Inflation Leaning


A huge question we must ask is whether we will see inflation or deflation in the period ahead.

Some steps on the part of the Fed, like reducing interest rates to zero suggest deflation. When Japan’s real estate and stock market collapsed in the 1990s, Japan’s Central Bank did the same. Deflation ensued.

However the global government debt suggest inflation to me…especially in the US.

In 1964, the year Lyndon Johnson became President, the total national debt was  $316 billion. By the time, Ronald Reagan left office that debt had climbed to $2.6 trillion.  The interest cost alone was $214 billion.  By 1990 the debt had risen to $3.2 trillion and interest costs for just the one year were $242.9 billion. Interest was the largest single government cost after Social Security, even greater than defense spending.  That was when the economic worries began as US debt moved towards  a precipice where recovery seemed impossible.

Flash forward 18 years with excerpts from a December 2008 Washington Post article.

“President Bush has nearly doubled the national debt during his eight years in the White House.  Mr. Bush is on track to add $5 trillion to the $5.73 trillion national debt he inherited when he took office. According to Treasury Department data, the number was $10.66 trillion at the end of November, and it has been rising at an astronomical rate.”

That’s bad enough…but the future gets worse as the article says that during fiscal 2008, which ended Sept. 30, 2008 the national debt increased by more than $1 trillion, breaking the previous fiscal year record of more than $600 billion.

The government’s debt situation is about to get worse as the Post outlines that
Federal debt should increase by $2 trillion in fiscal year 2009 alone!

Given an average interest rate of 4 percent, that $5 trillion of extra debt requires extra $200 billion per year from taxpayers in interest on that debt – in perpetuity.

The Post article points out,  “During October, the first month of fiscal 2009, the national debt increased by a staggering $549 billion. That was approximately three-quarters of $1 billion every hour of every day, or more than $12 million per minute and more than $200,000 per second.”

Then the news gets worse.

Excerpts from  an August 2009 US News & World report says:  “Welcome to America’s $2 Trillion Budget Deficit.  Barack Obama has already said that America’s “investment deficit” will take priority over its budget deficit.

A rough estimate of the cost of this New New Deal would be close to $500 billion a year, maybe $775 billion if Uncle Sam is to completely offset the drop in consumer spending predicted by Rosenberg. Now, as it is, the government is expected to run a $500 billion deficit next year. So the S&S plan would put that budget deficit at over $1 trillion. And if you tack on a potential $500 billion to $1 trillion bailout of the banking industry, that $1 trillion deficit could conceivably double to $2 trillion.

Now I’m not one to get skittish about budget deficits when they are merely a percentage point or two of GDP, especially since it’s entitlements that pose the truly scary debt issue (some $55 trillion in future liabilities, getting worse by $2 trillion to $3 trillion every year as we do nothing). But a $2 trillion budget deficit would be, like, 15 percent of GDP. That would be the highest level since World War II and more than twice as high as the postwar peak of 6 percent in 1983.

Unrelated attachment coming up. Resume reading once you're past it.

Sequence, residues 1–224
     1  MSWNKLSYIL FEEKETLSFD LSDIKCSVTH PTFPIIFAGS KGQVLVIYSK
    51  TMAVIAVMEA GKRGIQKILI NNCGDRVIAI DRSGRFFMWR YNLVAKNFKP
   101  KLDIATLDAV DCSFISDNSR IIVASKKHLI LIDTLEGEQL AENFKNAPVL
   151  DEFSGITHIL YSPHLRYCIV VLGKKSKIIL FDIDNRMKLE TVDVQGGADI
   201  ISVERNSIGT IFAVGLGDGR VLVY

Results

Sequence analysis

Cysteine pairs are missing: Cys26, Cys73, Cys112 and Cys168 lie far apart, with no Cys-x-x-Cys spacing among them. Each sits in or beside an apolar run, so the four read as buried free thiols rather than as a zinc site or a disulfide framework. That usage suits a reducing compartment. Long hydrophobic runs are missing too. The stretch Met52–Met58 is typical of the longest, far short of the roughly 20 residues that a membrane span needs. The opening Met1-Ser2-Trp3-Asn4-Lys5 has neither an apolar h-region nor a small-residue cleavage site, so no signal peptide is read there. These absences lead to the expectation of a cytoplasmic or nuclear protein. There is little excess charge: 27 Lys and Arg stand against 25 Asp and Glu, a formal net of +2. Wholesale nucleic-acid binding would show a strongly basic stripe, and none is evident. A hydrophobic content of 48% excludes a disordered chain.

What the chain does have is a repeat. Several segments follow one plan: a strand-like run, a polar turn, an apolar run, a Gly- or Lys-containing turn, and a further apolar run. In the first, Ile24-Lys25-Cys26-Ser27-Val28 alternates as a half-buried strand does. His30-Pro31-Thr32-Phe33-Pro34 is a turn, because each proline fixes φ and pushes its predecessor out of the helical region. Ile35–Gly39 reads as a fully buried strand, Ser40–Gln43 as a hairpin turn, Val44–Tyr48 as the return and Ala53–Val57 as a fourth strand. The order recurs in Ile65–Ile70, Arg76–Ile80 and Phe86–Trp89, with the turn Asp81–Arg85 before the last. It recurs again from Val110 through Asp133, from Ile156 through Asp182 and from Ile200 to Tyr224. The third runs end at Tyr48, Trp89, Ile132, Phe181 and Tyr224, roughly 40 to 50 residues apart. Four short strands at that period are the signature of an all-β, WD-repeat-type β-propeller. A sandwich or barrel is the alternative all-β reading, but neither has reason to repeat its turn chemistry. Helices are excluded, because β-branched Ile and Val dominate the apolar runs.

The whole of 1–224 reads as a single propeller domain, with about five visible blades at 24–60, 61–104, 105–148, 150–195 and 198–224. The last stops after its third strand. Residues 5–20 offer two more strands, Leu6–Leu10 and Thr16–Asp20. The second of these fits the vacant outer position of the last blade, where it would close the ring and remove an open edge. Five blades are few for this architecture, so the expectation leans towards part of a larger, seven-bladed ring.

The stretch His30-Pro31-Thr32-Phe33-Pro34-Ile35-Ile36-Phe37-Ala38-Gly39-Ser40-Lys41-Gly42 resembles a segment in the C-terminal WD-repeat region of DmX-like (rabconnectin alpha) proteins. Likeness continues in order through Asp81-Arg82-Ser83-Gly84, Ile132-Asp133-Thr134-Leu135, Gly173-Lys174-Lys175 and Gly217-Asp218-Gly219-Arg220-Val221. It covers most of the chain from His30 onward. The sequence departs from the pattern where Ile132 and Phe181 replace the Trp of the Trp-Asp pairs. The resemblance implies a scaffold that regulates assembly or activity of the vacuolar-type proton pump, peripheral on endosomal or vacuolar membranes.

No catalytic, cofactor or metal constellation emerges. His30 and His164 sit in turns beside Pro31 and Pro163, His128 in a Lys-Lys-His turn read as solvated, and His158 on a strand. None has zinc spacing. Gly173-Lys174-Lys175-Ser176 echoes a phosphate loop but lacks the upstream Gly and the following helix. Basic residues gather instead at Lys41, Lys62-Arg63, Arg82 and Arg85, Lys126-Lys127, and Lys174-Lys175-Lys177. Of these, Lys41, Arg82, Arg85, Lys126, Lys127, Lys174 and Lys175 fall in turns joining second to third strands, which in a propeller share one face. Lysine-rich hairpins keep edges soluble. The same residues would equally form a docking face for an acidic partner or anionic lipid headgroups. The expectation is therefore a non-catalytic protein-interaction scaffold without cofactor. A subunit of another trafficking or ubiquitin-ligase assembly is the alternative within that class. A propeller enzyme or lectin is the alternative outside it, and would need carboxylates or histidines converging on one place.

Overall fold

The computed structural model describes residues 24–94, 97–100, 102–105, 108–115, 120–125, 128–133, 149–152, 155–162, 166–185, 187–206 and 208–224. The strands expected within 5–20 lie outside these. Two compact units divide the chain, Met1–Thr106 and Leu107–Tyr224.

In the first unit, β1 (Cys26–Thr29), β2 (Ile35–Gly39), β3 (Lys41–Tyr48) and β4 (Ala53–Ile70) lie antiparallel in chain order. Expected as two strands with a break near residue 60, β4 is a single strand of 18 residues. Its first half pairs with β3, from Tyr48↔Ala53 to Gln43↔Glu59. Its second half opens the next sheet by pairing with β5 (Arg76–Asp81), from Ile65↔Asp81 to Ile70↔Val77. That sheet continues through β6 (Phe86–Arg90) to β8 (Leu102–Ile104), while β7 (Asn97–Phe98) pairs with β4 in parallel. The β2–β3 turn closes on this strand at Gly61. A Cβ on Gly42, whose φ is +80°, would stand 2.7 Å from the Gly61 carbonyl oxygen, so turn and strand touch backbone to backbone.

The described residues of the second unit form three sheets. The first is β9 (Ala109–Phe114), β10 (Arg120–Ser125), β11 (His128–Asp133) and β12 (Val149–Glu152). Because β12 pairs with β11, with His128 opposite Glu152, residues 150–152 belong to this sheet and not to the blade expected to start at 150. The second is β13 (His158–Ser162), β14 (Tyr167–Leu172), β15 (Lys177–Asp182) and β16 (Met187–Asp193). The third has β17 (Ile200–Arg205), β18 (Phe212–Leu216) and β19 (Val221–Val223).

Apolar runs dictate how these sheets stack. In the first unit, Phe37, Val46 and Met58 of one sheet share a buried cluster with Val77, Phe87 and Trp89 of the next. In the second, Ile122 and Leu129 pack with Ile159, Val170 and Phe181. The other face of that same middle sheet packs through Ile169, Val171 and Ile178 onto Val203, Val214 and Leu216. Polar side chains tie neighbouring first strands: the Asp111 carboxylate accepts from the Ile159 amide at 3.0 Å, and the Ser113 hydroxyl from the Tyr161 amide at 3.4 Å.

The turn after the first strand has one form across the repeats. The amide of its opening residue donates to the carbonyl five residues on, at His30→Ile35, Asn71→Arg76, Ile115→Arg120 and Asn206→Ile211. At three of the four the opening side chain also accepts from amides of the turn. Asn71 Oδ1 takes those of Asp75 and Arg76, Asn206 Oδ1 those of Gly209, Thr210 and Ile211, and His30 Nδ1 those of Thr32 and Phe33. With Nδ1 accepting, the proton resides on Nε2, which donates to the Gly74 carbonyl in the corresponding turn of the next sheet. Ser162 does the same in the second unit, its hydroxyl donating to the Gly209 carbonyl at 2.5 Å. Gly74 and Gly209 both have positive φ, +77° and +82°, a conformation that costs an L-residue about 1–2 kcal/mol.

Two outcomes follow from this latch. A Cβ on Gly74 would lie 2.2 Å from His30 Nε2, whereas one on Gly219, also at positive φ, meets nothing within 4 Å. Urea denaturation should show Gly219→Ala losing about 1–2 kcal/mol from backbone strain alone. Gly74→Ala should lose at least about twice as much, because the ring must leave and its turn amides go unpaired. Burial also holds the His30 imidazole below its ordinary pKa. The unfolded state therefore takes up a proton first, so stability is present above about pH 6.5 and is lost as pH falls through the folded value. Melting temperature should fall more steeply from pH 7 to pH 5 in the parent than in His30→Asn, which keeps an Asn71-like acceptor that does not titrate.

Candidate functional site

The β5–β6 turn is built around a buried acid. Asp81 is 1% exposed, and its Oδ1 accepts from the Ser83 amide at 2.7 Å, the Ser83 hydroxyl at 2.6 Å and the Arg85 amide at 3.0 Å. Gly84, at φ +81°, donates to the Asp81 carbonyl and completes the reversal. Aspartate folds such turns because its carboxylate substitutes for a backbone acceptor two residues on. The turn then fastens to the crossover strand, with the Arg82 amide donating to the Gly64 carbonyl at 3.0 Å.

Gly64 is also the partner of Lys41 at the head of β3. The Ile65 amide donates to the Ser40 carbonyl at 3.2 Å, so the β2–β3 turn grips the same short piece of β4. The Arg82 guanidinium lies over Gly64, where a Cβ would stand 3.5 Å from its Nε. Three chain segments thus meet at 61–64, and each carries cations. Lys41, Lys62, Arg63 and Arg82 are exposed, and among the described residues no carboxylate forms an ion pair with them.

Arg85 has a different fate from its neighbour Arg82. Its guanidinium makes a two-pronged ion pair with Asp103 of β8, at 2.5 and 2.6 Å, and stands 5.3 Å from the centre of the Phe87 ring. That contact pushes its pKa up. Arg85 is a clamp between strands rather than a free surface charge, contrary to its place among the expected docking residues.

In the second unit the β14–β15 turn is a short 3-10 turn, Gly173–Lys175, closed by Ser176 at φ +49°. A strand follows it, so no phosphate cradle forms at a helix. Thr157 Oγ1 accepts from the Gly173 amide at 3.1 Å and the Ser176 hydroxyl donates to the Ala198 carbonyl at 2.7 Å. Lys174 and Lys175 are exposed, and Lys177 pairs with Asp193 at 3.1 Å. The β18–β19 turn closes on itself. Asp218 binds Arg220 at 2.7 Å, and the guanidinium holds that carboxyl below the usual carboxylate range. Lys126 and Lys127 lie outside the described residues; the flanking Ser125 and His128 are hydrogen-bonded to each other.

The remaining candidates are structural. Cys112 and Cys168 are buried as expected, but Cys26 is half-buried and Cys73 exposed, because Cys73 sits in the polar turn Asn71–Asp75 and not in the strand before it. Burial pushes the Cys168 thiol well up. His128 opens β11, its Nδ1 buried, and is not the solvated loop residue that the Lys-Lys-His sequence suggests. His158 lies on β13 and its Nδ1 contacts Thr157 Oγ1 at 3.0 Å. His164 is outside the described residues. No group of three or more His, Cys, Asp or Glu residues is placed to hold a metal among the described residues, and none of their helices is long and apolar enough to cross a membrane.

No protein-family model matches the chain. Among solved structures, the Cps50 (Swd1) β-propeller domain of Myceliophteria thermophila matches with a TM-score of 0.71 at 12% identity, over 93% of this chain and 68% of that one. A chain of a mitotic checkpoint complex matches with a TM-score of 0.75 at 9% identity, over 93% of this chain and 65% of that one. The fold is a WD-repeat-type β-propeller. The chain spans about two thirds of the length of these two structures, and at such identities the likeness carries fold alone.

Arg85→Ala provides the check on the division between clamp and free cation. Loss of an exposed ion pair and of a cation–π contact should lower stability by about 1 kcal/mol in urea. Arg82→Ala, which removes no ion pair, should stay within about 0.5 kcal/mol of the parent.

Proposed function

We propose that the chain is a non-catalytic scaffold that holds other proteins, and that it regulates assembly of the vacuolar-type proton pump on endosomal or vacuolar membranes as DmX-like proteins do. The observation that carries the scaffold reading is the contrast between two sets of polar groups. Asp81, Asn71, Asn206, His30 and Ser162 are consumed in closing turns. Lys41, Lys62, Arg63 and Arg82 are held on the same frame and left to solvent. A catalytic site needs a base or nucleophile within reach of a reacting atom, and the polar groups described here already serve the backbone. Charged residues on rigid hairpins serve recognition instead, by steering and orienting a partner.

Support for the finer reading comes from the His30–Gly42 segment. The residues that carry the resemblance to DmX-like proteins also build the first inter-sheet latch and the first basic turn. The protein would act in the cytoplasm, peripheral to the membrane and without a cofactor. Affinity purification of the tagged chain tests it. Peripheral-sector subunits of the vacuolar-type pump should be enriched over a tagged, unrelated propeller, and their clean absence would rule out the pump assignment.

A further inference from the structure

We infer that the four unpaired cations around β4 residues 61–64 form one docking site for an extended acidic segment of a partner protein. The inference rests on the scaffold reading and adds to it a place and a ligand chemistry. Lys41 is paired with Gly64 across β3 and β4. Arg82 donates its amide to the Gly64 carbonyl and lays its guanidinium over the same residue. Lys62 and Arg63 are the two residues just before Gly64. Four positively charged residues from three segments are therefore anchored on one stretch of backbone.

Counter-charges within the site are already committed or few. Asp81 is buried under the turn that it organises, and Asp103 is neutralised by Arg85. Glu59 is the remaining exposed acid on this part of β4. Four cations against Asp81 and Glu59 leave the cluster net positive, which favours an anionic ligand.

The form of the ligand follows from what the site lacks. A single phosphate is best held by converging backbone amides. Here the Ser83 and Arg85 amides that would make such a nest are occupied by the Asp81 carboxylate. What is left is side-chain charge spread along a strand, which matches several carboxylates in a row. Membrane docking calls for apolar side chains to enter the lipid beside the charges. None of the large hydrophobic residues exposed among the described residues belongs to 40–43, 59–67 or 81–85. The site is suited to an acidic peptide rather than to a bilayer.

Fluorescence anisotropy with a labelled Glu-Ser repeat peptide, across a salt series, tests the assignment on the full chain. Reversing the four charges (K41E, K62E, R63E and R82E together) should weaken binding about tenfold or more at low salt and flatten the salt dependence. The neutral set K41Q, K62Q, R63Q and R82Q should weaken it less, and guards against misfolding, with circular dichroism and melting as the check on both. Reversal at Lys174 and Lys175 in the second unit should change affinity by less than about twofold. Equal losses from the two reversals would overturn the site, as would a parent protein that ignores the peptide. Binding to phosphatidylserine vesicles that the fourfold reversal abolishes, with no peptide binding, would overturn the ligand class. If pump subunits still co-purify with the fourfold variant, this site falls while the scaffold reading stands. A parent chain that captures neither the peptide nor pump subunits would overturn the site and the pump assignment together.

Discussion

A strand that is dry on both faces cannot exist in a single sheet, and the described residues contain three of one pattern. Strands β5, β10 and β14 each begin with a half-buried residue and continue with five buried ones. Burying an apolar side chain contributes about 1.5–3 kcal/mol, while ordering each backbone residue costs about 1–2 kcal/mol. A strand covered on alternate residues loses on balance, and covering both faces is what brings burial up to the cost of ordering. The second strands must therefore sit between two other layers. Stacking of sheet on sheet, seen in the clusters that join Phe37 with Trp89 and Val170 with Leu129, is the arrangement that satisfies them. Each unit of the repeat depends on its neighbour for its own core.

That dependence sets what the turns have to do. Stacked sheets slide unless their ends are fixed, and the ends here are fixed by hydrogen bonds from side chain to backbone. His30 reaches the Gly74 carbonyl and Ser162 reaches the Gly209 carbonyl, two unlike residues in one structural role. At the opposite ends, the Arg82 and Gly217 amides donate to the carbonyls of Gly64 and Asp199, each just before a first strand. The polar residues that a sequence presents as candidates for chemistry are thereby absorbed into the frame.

I can’t believe the global bond and currency market vigilantes wouldn’t completely freak, sending U.S. financial markets into chaos. Talk about a worst—though entirely possible—case scenario.”

How much worse could the situation get?

Much worse…because all of these government estimates are skewed

According to excerpts a USA Today article by Dennis Cauchon,  Taxpayers on the hook for $59 trillion   the federal government’s losses would be five times worse if corporate-style accounting standards are used.

The article says:  “Modern accounting requires that corporations, state governments and local governments count expenses immediately when a transaction occurs, even if the payment will be made later.

“The federal government does not follow the rule, so promises for Social Security and Medicare don’t show up when the government reports its financial condition.

Bottom line: Taxpayers are now on the hook for a record $59.1 trillion in liabilities, a 2.3% increase from 2006. That amount is equal to $516,348 for every U.S. household.”

With such fundamentals, it is hard to be anything but pessimistic about the US dollar.  This is why I am leaning towards inflation.

US government debt may have passed the short term point of no return.  Three bold steps were needed two decades ago, a reduction of entitlement costs (Social Security, Medicare, Medicaid, etc.) reduced defense spending and a reduction of the existing debt.  The government moved in the opposite direction.  There are many ill omens as our new government still does not take this incredible problem seriously. The proposed new plans might cost trillions more, that we do not have.

The government’s refusal to create a plan to balance the budge shows no solution is in sight.  It is menancing to see how the government plans to spend more now.

The US Treasury only has a couple of years left and it may be too late.
All these facts are omens of ill winds ahead.  there will be tens of millions of Americans who are already finally wiped out by  inflation combined with massive unemployment and a free for all of the greenback that will affect currencies and investing everywhere.

This leaves me feeling n the right track investing in shares, Bonds that are like shares, real estate and my own business.

Until next message good global investing.

Gary

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